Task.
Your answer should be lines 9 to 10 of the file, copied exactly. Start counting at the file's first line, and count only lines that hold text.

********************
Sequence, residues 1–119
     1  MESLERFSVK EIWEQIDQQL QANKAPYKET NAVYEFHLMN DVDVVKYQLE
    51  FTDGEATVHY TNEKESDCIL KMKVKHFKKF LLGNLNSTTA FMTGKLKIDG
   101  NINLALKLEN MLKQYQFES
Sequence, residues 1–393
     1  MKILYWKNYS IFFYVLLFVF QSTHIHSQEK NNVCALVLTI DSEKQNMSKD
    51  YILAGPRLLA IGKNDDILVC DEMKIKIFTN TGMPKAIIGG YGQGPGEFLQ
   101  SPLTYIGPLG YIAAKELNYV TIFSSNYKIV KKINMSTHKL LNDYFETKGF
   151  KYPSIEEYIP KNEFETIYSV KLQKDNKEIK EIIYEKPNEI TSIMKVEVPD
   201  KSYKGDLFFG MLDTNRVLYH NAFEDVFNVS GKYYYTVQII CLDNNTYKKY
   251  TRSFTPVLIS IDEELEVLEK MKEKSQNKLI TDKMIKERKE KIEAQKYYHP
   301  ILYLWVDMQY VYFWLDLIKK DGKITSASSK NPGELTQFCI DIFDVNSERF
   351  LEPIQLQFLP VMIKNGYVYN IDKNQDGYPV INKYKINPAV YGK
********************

   151  KYPSIEEYIP KNEFETIYSV KLQKDNKEIK EIIYEKPNEI TSIMKVEVPD
   201  KSYKGDLFFG MLDTNRVLYH NAFEDVFNVS GKYYYTVQII CLDNNTYKKY